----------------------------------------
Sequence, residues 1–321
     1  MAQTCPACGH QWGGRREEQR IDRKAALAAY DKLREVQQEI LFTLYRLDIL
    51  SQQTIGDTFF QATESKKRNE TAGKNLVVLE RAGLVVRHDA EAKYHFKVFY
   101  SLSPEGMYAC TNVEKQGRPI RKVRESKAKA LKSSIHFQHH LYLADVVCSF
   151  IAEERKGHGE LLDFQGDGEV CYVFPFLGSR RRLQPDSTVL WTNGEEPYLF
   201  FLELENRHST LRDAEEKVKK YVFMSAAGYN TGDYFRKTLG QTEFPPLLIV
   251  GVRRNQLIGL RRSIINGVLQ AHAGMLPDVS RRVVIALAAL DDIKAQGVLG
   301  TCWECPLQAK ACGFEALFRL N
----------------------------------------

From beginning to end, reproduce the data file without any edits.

Sequence, residues 1–321
     1  MAQTCPACGH QWGGRREEQR IDRKAALAAY DKLREVQQEI LFTLYRLDIL
    51  SQQTIGDTFF QATESKKRNE TAGKNLVVLE RAGLVVRHDA EAKYHFKVFY
   101  SLSPEGMYAC TNVEKQGRPI RKVRESKAKA LKSSIHFQHH LYLADVVCSF
   151  IAEERKGHGE LLDFQGDGEV CYVFPFLGSR RRLQPDSTVL WTNGEEPYLF
   201  FLELENRHST LRDAEEKVKK YVFMSAAGYN TGDYFRKTLG QTEFPPLLIV
   251  GVRRNQLIGL RRSIINGVLQ AHAGMLPDVS RRVVIALAAL DDIKAQGVLG
   301  TCWECPLQAK ACGFEALFRL N